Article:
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Should China Join the TPP Negotiations?

Jul 03 , 2013
  • Ding Yifan

    Deputy Director, China Development Research Center

Recently, debates about whether China should join the

Ding Yifan

A Financial Times commentary regarded the US moves around TTP as designed to have an Asia Pacific club that excludes China and doubted such an attempt would be successful. Some media in the US expressed the view that the US never had any idea to exclude China and that the US would welcome China’s participation in the negotiation. The Spokesman of the Chinese Commerce Ministry responded positively, claiming that China would positively consider any proposal inviting China to TPP negotiation. 

As a matter of fact, China has taken part in many regional free trade arrangements and signed bilateral free trade agreements with a fair number of countries. It is also actively pushing for negotiation on a free trade area with Japan and Korea. Is there anything special with so many partial free trade arrangements? 

Americans have been quite keen on regional free trade since they believe the current global trade framework (World Trade Organization) benefits only emerging markets such as China and since they have lost interest in multilateral free trade negotiation in the protracted Doha Round. Actually, the Doha Round has not been concluded yet because European and North American countries refuse to compromise on agricultural subsidy. So long as the developed countries show some more flexibility in the Doha Round so as to safeguard the overall interest of global economic growth, continuation of the global multilateral free trade framework will benefit all countries.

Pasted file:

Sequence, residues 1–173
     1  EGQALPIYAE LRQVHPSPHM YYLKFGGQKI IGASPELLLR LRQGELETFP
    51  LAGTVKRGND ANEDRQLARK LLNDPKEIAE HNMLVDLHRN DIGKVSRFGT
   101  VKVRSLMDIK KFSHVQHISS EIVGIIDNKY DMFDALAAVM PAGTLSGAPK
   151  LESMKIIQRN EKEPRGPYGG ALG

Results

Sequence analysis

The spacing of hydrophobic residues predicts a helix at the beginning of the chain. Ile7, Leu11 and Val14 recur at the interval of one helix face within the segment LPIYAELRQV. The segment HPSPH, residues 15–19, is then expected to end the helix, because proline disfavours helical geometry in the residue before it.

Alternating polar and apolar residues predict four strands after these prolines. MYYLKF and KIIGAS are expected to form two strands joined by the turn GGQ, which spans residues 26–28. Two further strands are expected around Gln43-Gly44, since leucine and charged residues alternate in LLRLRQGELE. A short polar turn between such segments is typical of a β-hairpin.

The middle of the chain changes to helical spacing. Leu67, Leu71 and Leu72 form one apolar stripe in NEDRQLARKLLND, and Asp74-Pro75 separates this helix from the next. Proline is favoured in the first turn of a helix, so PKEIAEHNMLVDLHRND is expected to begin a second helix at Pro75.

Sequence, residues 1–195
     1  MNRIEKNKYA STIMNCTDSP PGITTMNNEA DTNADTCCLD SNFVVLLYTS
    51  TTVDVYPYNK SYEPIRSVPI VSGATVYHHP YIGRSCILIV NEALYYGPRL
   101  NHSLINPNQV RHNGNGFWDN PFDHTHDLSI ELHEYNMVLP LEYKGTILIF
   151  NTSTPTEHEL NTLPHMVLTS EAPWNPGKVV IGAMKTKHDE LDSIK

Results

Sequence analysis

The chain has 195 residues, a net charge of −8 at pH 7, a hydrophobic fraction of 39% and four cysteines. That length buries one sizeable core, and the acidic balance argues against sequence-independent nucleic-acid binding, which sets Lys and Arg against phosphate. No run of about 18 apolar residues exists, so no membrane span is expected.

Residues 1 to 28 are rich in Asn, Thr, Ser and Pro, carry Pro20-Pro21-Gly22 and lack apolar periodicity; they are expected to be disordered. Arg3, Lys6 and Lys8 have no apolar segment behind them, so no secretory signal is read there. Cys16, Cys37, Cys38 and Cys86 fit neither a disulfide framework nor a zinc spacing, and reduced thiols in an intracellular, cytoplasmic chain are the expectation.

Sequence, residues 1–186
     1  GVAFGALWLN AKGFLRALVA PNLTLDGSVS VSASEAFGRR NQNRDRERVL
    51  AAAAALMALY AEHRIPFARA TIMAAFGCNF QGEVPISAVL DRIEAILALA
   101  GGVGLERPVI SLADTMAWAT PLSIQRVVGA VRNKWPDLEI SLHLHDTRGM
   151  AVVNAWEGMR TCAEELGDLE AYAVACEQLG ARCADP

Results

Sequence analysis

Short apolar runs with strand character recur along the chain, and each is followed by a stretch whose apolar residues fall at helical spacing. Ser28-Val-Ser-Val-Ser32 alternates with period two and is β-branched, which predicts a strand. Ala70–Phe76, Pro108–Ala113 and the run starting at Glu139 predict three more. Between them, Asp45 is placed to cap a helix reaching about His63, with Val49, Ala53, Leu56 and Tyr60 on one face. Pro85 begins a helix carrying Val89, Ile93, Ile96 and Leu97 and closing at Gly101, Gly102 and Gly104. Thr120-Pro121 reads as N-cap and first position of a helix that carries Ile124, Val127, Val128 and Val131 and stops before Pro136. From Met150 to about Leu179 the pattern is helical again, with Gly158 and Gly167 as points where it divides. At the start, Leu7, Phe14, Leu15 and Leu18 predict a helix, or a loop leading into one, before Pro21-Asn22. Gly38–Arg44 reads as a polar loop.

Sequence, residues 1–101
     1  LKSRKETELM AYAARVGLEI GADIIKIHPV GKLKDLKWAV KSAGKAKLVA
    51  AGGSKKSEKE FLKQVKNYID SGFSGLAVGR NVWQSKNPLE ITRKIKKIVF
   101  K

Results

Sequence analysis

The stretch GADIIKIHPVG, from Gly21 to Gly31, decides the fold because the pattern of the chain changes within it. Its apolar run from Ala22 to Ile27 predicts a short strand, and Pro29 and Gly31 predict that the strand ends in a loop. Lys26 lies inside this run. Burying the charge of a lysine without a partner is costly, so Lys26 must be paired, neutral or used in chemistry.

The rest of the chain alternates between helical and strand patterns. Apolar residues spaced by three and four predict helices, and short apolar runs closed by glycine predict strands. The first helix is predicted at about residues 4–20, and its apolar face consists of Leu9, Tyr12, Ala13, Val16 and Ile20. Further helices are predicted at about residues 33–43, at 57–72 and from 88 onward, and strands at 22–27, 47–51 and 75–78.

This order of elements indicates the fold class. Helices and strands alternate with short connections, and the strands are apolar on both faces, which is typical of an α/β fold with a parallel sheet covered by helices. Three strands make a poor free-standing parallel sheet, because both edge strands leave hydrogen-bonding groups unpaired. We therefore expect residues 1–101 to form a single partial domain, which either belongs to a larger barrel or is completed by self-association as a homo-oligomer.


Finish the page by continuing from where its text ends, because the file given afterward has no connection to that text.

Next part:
Against the backdrop of international financial crisis, trade protectionism seems to have regained momentum. In recent years, various non-tariff barriers have quickly increased, posing a huge challenge to global economic recovery. If all countries in this world go to find their own regional free trade arrangement and give up the global free trade framework, won’t the final result be larger trade blocs that undermine global economic liberalization? 

In the Great Depression of 1930s, all countries adopted beggar-thy-neighbor policy, a seemingly self-protective effort that in the end led to trade wars and real wars. Since then, free trade policy has had a deeper meaning. It is not only the source of economic prosperity according to classic economics but also an effective means to avoid war. 

As time passes by, have people forgotten the lesson learnt in bloodshed? 

The creation of multiple regional free trade areas cannot possibly and should not replace the global multilateral free trade framework. Developed countries in North America and Europe were champions of global free trade negotiation and founders of the WTO system. Now they are active participants in regional free trade area negotiations. Have they lost confidence in multilateral free trade negotiation or in their own competitiveness? 

China supports the global free trade negotiation and multilateral free trade framework. China now is also actively promoting the establishment of free trade areas with some countries because the global negotiation is stagnated. Internal debates have focused on whether membership in the TPP will benefit reform and opening-up in China. If joining regional groups such as TPP can help Chinese enterprises to be more competitive and compliant, then China should taken an active part in the negotiation. Before accession to the WTO, there were also many discussions and concerns in China. The experience of the past decade and more proves that economic openness benefits China a lot. In this connection, we will not be scared by TPP negotiation. However, China supports more the global multilateral free trade negotiation framework. It is believed that all free trade areas should be open-ended and the establishment of no free trade area should contradict the global multilateral free trade framework. 

Ding Yifan, Deputy Director, Research Institute of World Development, China Development Research Center (DRC). 

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